Cairo: Egyptians have started
casting their ballots in the first parliamentary elections since
former president Hosni Mubarak was toppled in a popular uprising
earlier this year.
Long queues were seen outside many polling stations amid tight
security arrangements as voters flocked to the polls on Monday
morning. Voting in this round of the elections last for two days,
Al Jazeera reported.
Many Egyptians remained worried that there may be outbreaks of
violence at polling stations, while others have been concerned
that the nation remains polarised over the choice of candidates.
In some parts of the country, there were several logistical
problems in the morning, and polling stations had not opened more
than an hour after the time scheduled, as ballot papers and the
ink used to mark voters' fingers had not arrived.
"The two problems are this, one ballot papers arriving very late,
secondly, judges are arriving very late [and] some not even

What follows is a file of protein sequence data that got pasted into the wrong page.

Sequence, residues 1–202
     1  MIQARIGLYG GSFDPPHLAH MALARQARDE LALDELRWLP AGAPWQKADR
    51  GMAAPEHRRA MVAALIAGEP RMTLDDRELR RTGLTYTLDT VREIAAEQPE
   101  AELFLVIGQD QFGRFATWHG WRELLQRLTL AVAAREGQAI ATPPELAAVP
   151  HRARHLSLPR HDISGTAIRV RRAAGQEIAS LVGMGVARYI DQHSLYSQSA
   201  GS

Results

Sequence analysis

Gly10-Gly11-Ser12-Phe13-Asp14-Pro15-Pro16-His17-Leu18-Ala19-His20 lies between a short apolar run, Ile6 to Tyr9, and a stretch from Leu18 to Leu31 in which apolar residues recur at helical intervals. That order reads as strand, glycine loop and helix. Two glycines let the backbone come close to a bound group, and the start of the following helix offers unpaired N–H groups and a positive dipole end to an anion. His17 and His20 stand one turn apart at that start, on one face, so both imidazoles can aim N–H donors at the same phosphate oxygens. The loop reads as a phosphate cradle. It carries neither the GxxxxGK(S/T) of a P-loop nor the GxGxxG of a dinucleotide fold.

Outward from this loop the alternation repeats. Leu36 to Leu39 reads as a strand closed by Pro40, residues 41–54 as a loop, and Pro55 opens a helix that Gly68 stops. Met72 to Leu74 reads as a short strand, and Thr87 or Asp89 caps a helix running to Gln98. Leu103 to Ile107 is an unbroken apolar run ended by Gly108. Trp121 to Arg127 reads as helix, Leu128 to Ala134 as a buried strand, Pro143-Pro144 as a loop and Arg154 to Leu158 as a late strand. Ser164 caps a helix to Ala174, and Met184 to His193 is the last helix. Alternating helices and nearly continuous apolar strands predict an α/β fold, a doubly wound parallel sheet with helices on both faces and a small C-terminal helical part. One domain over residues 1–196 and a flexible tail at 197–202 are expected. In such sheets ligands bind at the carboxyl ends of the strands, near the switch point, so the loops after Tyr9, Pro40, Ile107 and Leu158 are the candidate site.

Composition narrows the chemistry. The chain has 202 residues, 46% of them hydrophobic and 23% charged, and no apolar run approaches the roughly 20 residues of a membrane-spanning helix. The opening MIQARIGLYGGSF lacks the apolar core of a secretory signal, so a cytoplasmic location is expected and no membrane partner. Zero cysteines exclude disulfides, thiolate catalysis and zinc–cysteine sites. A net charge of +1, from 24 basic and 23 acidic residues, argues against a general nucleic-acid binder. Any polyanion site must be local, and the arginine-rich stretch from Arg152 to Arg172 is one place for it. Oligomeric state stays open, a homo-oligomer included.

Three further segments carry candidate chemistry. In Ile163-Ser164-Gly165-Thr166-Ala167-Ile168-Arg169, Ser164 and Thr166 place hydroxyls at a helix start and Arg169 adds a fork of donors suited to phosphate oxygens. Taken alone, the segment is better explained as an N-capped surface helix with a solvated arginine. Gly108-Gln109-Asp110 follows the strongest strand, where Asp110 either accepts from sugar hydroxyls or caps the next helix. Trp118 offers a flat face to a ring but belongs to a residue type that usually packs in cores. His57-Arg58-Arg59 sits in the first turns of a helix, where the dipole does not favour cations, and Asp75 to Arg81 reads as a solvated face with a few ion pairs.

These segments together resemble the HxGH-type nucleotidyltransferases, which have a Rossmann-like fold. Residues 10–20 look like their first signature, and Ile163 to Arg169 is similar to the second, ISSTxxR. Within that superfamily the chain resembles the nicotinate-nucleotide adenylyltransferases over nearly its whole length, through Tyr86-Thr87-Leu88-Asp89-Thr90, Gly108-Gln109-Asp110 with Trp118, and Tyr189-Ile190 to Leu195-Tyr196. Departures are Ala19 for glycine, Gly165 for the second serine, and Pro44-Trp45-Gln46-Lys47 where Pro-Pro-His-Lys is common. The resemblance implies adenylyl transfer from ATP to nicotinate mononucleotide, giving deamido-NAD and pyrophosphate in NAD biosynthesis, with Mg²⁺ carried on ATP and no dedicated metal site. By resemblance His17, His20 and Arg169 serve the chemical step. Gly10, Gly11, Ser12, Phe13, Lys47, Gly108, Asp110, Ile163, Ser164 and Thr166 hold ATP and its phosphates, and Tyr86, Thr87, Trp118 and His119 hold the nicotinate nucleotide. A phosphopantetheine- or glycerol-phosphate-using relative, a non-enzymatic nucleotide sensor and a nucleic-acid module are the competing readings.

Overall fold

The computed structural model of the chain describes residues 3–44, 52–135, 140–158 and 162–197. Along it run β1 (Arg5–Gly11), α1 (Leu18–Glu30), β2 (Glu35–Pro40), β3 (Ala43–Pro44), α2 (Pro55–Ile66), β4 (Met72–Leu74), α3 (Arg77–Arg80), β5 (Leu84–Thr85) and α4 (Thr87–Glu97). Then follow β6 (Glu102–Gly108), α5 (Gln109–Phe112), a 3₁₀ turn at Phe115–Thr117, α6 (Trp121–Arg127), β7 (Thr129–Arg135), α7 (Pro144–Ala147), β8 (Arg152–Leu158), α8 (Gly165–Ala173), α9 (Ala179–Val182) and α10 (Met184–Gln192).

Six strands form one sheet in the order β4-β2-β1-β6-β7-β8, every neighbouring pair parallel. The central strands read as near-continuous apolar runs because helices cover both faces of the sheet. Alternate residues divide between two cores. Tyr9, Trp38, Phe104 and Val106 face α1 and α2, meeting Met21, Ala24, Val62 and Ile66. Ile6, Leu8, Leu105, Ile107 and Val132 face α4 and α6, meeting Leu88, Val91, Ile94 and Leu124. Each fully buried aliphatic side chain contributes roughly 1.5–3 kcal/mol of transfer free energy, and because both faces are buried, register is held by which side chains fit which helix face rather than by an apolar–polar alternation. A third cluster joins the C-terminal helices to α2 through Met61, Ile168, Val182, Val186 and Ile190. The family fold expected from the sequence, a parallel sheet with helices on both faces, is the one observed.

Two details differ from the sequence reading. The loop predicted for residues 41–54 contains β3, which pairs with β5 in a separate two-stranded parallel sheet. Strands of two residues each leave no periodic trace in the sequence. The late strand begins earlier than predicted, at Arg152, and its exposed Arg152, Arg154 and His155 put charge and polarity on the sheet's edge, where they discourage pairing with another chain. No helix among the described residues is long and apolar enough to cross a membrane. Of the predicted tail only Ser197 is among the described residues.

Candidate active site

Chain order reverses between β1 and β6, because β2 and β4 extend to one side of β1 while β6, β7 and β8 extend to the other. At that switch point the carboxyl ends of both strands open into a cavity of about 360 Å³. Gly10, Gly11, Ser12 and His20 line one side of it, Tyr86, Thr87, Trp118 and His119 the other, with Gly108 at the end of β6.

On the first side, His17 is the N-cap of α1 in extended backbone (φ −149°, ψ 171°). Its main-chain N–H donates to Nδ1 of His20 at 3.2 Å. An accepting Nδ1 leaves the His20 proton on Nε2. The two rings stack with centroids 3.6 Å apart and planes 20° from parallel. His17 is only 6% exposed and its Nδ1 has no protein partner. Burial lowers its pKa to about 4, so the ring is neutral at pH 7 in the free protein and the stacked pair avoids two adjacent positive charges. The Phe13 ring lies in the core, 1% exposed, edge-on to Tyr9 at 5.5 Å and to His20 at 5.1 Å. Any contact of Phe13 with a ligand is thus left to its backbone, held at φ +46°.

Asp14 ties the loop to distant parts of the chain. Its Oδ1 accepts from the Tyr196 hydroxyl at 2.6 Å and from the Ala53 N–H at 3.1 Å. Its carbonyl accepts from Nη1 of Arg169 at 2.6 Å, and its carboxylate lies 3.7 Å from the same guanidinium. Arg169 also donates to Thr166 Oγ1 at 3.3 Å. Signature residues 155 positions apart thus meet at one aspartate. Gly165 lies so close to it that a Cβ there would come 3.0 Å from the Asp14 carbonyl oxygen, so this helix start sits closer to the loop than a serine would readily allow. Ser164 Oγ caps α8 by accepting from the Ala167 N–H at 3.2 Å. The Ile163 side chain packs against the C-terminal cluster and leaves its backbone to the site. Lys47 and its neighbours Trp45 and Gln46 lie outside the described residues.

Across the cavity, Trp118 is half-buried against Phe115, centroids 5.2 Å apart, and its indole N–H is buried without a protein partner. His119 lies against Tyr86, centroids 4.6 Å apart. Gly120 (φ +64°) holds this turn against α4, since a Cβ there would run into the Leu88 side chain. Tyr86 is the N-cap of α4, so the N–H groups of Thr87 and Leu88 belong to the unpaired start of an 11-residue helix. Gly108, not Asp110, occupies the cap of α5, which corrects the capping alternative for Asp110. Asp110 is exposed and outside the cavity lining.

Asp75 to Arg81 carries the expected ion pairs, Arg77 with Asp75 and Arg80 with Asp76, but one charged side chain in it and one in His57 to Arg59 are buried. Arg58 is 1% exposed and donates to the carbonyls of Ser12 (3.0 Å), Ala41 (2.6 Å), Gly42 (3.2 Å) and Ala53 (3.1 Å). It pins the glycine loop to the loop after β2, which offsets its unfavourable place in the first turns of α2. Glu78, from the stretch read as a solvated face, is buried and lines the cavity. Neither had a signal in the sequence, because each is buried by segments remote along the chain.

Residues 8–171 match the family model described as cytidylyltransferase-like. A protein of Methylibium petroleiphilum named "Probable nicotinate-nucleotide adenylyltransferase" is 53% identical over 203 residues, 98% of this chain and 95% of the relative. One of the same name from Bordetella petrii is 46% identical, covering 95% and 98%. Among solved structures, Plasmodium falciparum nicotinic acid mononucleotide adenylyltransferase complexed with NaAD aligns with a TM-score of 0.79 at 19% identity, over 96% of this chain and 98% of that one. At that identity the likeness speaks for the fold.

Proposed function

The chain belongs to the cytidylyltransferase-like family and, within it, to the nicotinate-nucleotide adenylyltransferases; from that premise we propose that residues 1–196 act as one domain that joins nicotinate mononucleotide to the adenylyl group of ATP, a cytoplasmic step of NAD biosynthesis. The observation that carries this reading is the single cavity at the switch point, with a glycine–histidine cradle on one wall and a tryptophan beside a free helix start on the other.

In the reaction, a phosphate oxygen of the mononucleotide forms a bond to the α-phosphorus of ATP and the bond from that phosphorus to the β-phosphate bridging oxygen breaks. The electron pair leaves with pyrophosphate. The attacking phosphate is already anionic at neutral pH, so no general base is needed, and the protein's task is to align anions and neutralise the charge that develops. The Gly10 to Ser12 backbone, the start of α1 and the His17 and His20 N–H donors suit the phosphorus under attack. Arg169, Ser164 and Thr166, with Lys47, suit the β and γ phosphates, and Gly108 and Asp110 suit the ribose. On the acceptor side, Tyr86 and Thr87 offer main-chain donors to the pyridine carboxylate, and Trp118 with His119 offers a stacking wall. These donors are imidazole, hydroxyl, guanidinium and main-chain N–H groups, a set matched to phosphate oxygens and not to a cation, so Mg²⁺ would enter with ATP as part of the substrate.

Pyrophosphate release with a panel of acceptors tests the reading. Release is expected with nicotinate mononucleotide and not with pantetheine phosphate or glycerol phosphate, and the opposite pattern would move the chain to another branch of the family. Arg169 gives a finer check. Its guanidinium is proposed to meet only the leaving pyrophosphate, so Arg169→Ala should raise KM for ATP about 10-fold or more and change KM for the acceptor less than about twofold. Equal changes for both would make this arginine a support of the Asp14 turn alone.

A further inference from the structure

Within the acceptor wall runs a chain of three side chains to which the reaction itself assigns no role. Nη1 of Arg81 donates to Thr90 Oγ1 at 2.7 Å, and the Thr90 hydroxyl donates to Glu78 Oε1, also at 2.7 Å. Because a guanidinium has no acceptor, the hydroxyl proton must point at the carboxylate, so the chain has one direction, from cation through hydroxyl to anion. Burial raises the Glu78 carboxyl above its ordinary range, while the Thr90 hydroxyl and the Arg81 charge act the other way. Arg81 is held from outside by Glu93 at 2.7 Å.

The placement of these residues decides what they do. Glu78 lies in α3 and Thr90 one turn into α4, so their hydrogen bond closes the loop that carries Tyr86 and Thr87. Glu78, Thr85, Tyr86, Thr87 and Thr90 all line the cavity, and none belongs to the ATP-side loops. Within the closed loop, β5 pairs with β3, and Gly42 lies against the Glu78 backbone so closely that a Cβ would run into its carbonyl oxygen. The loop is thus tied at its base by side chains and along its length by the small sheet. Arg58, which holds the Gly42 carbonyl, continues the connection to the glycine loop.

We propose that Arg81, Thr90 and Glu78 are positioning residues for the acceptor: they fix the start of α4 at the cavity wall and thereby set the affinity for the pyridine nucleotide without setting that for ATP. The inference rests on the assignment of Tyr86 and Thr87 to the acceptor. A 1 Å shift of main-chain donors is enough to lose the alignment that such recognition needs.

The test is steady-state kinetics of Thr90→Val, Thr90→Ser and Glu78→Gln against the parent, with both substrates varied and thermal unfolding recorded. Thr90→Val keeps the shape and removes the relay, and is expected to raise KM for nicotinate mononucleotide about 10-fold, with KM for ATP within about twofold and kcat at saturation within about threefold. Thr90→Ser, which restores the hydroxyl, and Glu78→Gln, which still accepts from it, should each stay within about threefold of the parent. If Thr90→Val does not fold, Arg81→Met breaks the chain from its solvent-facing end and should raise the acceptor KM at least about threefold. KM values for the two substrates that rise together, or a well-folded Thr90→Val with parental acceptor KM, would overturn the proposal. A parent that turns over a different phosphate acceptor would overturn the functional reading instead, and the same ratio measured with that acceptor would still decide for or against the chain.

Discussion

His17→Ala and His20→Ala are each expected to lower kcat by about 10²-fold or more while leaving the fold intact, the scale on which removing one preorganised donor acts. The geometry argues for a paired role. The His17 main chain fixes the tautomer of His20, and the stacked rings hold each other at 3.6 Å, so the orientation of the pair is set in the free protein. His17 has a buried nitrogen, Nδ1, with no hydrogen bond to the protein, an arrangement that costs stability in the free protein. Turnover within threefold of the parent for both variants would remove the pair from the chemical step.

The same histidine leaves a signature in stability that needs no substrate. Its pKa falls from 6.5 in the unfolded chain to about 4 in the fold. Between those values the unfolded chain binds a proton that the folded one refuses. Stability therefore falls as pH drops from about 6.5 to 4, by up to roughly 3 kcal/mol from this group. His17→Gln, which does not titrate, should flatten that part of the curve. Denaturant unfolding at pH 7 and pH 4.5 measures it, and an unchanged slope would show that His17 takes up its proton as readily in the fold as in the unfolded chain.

turning up," Al Jazeera's Sherine Tadros reporting from Cairo's
densely populated Shubra district said.
Additionally, a ban on campaigning at polling stations has been
broken, with members of parties handing out pamphlets and banners.
However, Tadros added: "The mood is very much upbeat. I really
have not seen this kind of voter turnout."
“It was no use to vote before. Our
voices were completely irrelevant,” news Agency AFP quoted Mona
Abdel Moneim, one of several women who said they were voting for
the first time in their lives.
Samira (65) told AFP, “I am sick and I wasn’t planning on coming,
but what happened recently made me feel that I had to vote. For 30
years we were silent. It’s enough."
Al Jazeera's Rawya Rageh reported from Assiut, one of the most
significant governorates in the Upper Egypt region, that there
appeared to be an exceptionally high turnout by the standards of
the country's previous votes.
"The lines have not stopped outside the polling centres," she
said. “If we're judging by the turnout, this has been by all
accounts a success."
Women were turning out in high numbers, unusual for such a
conservative region, she said.
There were no signs of violence or coercion, she reported, but
there were campaign violations as some parties continued to
campaign even as voting was underway.
Poor organisation by authorities was also an issue, she said.